Date Written: c. 100 BC
Date of Narrative: 180-161 BC
2 Maccabees is unique among biblical books because it is actually a summary of another book. The author tells us that he is summarizing a 5-volume work by Jason of Cyrene (2:23). Unfortunately, Jason's book is not extant and we have no information about him. The author of 2 Macc chooses to remain anonymous, but he indicates his purpose at the beginning (2:19-32) and gives a brief conclusion at the end (2:37). Two letters appear at the beginning which apparently accompanied the book on its way from Jews in
2 Macc is not a sequel to 1 Macc nor does it proceed as a continuous narrative. It presents many stories, but does not link them all in chronological order. One poignant feature of 2 Macc is its martyr stories. The author gives vivid descriptions of the violence suffered by the Jews in
2 Macc explains the conflict over the high priesthood before the Maccabean era in more detail that 1 Macc. Onias III is the rightful high priest but his brother Jason seeks to steal the office of high priest. Jason bribes Antiochus to depose Onias and appoint himself instead (4:7-9). Jason thus obtains the high priesthood, but soon he is outbid by Menelaus (4:24). Eventually, an official bribed by Menelaus assassinates Onias (4:34).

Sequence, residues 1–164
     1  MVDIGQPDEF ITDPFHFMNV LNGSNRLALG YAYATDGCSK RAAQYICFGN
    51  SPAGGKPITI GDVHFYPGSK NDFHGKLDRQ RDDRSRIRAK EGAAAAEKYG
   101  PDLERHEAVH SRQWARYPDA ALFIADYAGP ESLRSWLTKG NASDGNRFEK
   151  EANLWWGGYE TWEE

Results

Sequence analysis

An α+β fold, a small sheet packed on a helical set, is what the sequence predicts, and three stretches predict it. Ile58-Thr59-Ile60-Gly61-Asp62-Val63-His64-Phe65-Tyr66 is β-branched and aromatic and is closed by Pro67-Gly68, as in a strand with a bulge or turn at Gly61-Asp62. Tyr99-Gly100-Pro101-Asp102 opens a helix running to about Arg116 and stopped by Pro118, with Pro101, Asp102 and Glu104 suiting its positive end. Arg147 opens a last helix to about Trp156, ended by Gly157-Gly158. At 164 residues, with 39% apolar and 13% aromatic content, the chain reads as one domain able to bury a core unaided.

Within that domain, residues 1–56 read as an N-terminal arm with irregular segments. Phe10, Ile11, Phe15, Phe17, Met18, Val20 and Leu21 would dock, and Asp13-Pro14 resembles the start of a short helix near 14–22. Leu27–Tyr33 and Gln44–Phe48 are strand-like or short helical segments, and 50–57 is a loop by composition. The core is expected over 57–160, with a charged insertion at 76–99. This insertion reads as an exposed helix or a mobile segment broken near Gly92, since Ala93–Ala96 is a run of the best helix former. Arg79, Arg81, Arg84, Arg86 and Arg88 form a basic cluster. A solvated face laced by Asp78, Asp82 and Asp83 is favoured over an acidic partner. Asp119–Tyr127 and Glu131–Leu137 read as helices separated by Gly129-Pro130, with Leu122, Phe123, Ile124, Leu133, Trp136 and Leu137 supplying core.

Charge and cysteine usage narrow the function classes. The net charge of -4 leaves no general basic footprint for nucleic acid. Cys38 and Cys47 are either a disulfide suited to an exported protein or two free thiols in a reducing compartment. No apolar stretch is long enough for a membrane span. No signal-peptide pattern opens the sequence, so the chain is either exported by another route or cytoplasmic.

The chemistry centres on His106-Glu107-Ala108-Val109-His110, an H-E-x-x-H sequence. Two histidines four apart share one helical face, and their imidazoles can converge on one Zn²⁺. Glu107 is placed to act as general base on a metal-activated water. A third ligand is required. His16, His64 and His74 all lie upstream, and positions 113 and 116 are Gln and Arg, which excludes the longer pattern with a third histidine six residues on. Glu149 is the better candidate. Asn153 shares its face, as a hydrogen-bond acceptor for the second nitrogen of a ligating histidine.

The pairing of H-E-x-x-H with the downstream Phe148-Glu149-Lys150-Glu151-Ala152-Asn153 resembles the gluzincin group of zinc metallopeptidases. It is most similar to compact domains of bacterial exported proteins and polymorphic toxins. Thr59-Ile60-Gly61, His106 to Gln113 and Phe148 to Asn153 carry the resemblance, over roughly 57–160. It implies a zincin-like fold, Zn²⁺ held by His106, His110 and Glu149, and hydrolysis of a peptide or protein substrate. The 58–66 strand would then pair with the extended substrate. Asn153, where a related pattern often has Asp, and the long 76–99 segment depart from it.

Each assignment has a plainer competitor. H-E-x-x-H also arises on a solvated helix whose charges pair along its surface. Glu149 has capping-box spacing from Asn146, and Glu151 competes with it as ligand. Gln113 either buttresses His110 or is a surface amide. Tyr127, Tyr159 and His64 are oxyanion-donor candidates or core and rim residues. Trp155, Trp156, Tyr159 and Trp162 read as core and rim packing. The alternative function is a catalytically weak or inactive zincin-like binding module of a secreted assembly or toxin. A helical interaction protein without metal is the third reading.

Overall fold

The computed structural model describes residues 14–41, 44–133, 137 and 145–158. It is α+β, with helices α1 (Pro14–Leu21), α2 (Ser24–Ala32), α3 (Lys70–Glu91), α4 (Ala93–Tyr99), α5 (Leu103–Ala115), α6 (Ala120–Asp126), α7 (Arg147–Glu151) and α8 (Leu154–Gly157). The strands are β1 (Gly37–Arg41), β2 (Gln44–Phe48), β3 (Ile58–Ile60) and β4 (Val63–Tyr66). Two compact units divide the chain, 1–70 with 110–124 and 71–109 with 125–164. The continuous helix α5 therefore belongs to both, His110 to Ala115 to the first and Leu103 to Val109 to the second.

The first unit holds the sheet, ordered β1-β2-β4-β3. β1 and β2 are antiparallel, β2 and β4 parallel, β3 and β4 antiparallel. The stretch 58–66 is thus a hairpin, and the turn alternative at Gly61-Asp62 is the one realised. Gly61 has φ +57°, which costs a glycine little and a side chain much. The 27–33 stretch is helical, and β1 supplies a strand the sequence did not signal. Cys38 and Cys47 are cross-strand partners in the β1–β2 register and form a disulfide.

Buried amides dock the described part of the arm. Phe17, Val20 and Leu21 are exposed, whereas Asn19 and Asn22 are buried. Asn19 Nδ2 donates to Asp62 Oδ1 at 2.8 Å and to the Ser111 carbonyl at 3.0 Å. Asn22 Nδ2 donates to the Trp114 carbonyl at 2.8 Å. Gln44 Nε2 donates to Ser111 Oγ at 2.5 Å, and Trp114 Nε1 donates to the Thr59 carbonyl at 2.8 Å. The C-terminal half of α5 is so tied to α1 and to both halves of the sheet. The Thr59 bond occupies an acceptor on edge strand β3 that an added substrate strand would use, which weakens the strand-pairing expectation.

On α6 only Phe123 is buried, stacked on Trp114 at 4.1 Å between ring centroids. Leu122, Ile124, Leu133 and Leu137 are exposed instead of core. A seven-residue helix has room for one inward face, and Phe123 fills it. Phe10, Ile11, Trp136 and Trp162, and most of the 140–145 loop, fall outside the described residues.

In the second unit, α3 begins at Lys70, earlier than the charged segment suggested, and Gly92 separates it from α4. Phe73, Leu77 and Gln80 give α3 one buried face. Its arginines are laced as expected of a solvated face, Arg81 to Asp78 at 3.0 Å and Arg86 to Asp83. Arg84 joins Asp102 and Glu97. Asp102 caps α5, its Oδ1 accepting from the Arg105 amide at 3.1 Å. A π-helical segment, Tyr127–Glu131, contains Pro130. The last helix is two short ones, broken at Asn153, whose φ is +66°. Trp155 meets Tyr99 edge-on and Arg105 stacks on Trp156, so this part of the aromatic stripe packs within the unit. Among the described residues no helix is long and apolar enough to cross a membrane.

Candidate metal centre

The author highlights the role of the
The author focuses on the battles and accomplishments of Judas Maccabeus, but pays little attention to his brothers. 2 Macc gives details about Judas' campaigns against Nicanor, Timothy, Lysias and many others. Yet even after Judas establishes a limited peace, the Jews suffer local persecution which provokes a new wave of warfare (12:1-5). The book ends with Judas' second victory over Nicanor. This battle is so memorable that it too is made into a holiday which is celebrated just before Purim.
2 Macc shows the power of God in the midst of the difficult circumstances of the Maccabean era. The author highlights miracles like the divine confrontation of Heliodorus (3:22-34) and the vision of ominous riders in the sky (5:2-3). Yet he is writing for Jews outside of
By Mark Giszczak